The Symbolism of a Woman's Hair

| Friday, December 9, 2011
Today's Tune: Snoopy vs. The Red Baron

Thank you so much for the thoughtful responses on Wednesday's post, everyone! It's always nice to know we're not alone in our weirdness and eccentricity :)

Bouncing a little bit off of the photographs of myself I chose to post with that entry, I thought I'd talk a little bit about the symbolism of a woman's hair today.

I'm not sure how aware men are of the incredible amount of weight and symbolism that goes on with women's hair -- in fact, I'm not sure many WOMEN realize it, either -- but it's something deeply engrained in our culture and society. There are certain stigmas attached to a woman's hair color, style, length, and more. It's not uncommon for a woman to change her hair style/color after going through a major life change. This is no meaningless decision. Consciously or unconsciously, there are a lot of feelings and identity issues wrapped in our locks.

We've all heard blond jokes. Golden-haired people (particularly golden-haired women) are dumb, har har har. This has a lot to do with the symbolism behind golden hair being linked with youth and beauty, which are considered foils to experience and intelligence in Western culture. Brunettes are considered more mature, elegant, and sophisticated because dark hair is linked with those traits. On the flipside, it can also imply a person is boring or plain. Redheads are considered spitfires or sexually promiscuous because the color red is intimately tied to the symbolism of sexuality, passion, and anger.

Are any of those implications accurate? No. They're really not. A woman's personality is not reflected by whatever side of the genetic coin their hair happened to fall on. I'm an intelligent blond, SO SUCK IT. Okay, maturity might still be an issue. STILL SUCK IT. My point in bringing this symbolism up is to illustrate the physical cues we often subconsciously apply not only to people we come across in real life, but our literary characters, as well. There's a reason the mean cheerleader is often a blond. The brainy nerd-girl: a brunette. The girl who always likes to pick fights and that every boy falls in love with: a redhead.

And where do these Westernized symbols of personality-linked-with-hair-color leave many women of color? Nowhere. They are roundly ignored. Or worse, "minority" hair is used to represent something altogether more stereotypical and sinister. How often do we read about dark minority hair being kinky, greasy, lank, unmanageable, unkempt? This is its own bag of offensive BS.

What about hair style? People often make snap judgements about the way a woman chooses to wear her hair. Long hair is youthful, feminine, sexy, beautiful. Short hair can be assumed to mean anything from tomboyishness to seriousness to lesbianism, depending on the style. Wearing one's hair down is carefree and sexualized. Wearing hair up is uptight, professional, or "old." Alternative styles are supposedly representative of a certain lifestyle -- dreadlocks for bohemian/hippies/druggies, mohawks for punks, cornrows for thugs, etc.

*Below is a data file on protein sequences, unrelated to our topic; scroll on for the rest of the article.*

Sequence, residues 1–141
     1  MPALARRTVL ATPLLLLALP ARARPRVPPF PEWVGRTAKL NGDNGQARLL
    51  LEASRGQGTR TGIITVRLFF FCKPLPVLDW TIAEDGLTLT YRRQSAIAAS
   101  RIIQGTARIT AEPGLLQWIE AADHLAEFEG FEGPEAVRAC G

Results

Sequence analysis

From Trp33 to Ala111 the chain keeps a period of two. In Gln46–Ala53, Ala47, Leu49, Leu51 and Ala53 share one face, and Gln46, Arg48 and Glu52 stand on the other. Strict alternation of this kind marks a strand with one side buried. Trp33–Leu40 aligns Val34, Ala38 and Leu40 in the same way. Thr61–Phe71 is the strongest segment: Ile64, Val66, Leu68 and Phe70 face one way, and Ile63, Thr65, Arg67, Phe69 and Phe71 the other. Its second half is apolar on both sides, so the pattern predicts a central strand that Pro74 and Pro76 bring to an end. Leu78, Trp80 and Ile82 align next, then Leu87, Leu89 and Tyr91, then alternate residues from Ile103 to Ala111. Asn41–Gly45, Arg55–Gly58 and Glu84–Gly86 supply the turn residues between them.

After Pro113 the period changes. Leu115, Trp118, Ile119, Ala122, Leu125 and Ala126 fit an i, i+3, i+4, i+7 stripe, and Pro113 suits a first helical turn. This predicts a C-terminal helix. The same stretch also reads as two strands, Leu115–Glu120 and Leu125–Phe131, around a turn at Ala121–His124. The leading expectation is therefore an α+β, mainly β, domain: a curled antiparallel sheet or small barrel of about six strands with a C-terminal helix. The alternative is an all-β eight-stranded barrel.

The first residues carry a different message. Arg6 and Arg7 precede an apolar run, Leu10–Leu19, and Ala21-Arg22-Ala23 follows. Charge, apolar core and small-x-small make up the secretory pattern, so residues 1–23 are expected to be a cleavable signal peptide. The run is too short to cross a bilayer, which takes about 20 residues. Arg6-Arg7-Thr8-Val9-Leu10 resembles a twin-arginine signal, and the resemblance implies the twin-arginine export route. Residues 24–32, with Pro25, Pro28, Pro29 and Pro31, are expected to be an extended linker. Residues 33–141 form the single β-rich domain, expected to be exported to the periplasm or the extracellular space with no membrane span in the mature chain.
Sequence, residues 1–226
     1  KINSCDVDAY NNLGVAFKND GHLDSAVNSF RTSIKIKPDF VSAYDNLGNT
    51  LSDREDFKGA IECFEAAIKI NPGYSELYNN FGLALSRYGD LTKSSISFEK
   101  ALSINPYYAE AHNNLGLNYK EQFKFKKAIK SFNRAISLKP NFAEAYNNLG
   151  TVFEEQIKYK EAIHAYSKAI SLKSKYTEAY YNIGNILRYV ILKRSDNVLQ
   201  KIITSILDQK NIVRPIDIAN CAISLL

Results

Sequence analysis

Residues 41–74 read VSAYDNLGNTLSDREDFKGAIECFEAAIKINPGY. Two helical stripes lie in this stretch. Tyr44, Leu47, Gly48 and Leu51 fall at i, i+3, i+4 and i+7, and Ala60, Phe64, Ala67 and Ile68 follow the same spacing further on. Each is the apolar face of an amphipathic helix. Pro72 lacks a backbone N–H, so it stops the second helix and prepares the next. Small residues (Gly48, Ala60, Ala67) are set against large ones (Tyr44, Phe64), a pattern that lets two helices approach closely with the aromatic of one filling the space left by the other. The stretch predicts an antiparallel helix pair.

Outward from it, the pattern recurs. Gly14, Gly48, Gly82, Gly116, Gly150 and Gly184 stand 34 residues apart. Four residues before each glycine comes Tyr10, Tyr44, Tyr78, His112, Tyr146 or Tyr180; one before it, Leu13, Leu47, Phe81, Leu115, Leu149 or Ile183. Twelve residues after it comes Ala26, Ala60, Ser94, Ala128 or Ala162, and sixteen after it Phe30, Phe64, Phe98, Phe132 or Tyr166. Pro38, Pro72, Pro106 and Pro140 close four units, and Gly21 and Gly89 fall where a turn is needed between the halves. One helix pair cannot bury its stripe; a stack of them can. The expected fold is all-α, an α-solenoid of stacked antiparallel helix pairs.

Men share some of these style snap-judgements to an extent. There are some cultural connotations, such as the Jewish tradition of not cutting hair during a mourning period. But overall, there is a LOT more stigma placed on women's hair than on men's hair. Our very femaleness itself is often tied in knots of our hair.

I raise all these points so that we can look at the way we're portraying our female characters with a critical eye. It's not an inherently bad thing to use a character's hair to help define her personality - after all, as I've been saying, a woman's hair is often culturally and socially tied to her. That said, be mindful of whether you're using a certain hair style or color to "cheat" at developing a real personality. Is your character dumb because she's blond, or dumb because she isn't interested in learning? Is she girlish because her hair's long, or girlish because that's how she chooses to portray herself?

Try to avoid using the symbolism of a girl's hair to imply something about her sexual promiscuity, intelligence, or maturity. Be mindful of your own biases. While our hair is often intimately tied to our feelings of worth, beauty, or attitude, it is not solely representative of who we are. We are not our hair. Using physicality to represent personality is incredibly overdone, anyway. People look how they look and act how they act.

Do you find yourself caught in judging a woman's personality based on how she wears her hair? If you're a woman, do you feel a connection to your hair? Have you ever experienced someone making judgements about you based on your hair?



{ Phire } at: December 9, 2011 at 5:37 AM said...

I really enjoyed this post - approaching one of my pet causes ("social justice" writ large) from a unique standpoint.